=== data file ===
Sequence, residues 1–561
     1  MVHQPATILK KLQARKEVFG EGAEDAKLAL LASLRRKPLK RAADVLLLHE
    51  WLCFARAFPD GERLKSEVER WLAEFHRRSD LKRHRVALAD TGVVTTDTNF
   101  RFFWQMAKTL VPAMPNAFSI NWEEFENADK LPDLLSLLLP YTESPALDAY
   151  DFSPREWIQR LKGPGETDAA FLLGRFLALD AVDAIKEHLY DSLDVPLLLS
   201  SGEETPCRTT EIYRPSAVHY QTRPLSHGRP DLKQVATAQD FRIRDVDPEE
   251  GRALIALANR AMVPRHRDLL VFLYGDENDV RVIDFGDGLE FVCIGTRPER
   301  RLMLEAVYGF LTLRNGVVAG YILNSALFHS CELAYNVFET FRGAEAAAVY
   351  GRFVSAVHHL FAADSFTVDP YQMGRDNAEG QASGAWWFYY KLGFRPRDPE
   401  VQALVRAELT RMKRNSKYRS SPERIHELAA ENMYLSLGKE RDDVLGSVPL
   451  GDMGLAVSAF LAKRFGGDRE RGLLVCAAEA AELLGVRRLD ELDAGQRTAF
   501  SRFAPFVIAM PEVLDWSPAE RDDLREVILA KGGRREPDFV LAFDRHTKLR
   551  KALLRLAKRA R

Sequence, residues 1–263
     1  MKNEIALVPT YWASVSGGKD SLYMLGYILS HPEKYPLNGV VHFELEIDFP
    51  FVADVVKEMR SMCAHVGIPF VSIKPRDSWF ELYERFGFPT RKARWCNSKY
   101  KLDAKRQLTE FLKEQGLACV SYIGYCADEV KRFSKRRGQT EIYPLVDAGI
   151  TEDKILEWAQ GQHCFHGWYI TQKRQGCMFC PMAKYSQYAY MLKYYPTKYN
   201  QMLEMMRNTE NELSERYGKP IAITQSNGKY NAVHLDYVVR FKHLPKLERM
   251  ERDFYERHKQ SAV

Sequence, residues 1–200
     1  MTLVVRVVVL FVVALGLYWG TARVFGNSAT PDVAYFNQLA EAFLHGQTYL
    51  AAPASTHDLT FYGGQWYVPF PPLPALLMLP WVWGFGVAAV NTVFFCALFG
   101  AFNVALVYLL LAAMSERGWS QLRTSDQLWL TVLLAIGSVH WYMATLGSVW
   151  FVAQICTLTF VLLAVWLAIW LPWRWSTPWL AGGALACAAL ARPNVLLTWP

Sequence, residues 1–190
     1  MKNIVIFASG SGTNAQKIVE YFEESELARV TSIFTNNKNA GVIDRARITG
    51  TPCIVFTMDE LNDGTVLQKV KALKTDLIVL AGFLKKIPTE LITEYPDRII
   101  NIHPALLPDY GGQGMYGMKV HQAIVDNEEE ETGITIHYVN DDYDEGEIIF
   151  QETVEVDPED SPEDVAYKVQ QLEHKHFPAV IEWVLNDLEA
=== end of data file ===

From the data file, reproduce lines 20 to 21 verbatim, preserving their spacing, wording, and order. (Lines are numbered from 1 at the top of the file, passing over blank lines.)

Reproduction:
   251  ERDFYERHKQ SAV

Sequence, residues 1–200